Fossils tell gory story of marine reptiles getting their heads bitten off
With evolution there’s always a trade-off – long necks may help you find food but they’re also a massive weak spot. Now, paleontologists have found direct fossil evidence of prehistoric, long-necked marine reptiles being decapitated by predators.
While dinosaurs ruled the land, marine reptiles prowled the seas. Many of these sported long necks, most famously the plesiosaurs, which are the beasts you probably picture when you think of the Loch Ness monster. But while these necks might have given the animals an advantage against their own prey – usually fish or squid – they probably would have looked pretty inviting to predators. Now paleontologists have found fossil evidence to support this long-held assumption.
Tanystropheus was a marine reptile that lived across what’s now Europe, Asia and North America during the Triassic Period, about 240 million years ago. It measured up to 6 m (20 ft) long, and half of that length was taken up by its neck. Rather than being made up by lots of little vertebrae, the bones in that neck were very long, meaning it would have been pretty stiff – and probably a great target for hungry hunters to chomp down on.
But did that ever actually happen? Researchers at the State Museum of Natural History Stuttgart wanted to find out, so they investigated two specimens in the museum’s collection, where just the heads and necks had been preserved without bodies. That alone doesn’t indicate decapitation – its common for only some parts of skeletons to fossilize.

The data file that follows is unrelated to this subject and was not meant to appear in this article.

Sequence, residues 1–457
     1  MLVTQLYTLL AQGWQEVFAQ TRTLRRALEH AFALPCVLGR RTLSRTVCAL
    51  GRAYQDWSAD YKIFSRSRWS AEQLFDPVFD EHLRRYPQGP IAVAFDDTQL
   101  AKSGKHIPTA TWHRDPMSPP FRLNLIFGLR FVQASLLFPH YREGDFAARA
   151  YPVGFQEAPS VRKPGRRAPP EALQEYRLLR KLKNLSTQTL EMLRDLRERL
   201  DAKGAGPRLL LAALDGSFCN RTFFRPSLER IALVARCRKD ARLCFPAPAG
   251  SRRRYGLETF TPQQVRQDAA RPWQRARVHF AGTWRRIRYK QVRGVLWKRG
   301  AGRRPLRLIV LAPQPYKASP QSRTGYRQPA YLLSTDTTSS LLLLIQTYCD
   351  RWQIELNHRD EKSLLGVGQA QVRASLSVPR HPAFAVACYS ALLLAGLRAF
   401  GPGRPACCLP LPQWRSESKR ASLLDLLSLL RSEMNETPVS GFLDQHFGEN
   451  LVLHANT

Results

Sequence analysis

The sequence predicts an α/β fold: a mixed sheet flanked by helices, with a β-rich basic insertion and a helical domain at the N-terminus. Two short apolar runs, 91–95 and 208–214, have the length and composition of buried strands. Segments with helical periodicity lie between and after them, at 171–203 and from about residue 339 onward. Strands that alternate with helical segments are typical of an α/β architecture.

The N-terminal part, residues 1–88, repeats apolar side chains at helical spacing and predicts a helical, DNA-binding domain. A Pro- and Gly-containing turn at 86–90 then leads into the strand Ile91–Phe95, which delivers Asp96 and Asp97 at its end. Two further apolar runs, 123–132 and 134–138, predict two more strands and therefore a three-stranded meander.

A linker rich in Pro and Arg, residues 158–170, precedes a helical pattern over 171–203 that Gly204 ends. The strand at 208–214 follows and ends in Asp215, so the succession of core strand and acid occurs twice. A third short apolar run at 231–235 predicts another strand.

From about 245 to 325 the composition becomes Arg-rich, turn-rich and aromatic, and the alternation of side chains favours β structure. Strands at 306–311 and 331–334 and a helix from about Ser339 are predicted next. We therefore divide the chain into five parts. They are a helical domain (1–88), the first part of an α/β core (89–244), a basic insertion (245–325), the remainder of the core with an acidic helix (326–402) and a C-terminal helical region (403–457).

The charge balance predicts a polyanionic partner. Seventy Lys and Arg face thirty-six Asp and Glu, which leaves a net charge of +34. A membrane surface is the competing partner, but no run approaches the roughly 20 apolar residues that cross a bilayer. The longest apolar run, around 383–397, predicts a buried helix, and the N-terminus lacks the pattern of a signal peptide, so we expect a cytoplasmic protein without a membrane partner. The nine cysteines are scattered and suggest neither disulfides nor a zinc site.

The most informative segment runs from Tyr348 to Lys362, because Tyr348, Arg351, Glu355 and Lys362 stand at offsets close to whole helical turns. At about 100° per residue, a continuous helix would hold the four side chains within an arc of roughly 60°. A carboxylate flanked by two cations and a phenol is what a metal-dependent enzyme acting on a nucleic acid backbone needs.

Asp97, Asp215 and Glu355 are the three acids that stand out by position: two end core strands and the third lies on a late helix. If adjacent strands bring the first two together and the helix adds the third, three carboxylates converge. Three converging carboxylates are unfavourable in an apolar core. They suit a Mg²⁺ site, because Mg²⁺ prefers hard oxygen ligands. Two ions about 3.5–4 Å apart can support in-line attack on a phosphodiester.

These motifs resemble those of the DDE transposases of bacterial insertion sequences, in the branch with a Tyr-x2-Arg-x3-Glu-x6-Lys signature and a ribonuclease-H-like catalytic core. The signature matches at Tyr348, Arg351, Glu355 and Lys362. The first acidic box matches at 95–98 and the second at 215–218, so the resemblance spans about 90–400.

But when the team looked closely at the ends of the necks, they found tooth marks on the bones, some of which were also crushed in a way that suggested a single bite. Intriguingly, the heads and upper necks remained well-preserved, which indicates they were still covered in muscle and skin when they were buried. That might give us a glimpse into the feeding behaviors of these ancient animals.
“They were clearly not fed on by the predator,” said Eudald Mujal, an author of the study. “Although this is speculative, it would make sense that the predators were less interested in the skinny neck and small head, and instead focused on the much meatier parts of the body. Taken together, these factors make it most likely that both individuals were decapitated during the hunt and not scavenged, although scavenging can never be fully excluded in fossils that are this old.”
Having found two examples already, the researchers say that it was probably common for predators to bite off the heads and necks of marine reptiles with long necks. But even with this weakness, the trade-off still seems to have been worth it. The trait evolved several times – after all, Tanystropheus isn’t closely related to plesiosaurs, despite the similarities – and these creatures persisted for hundreds of millions of years.
The research was published in the journal Current Biology.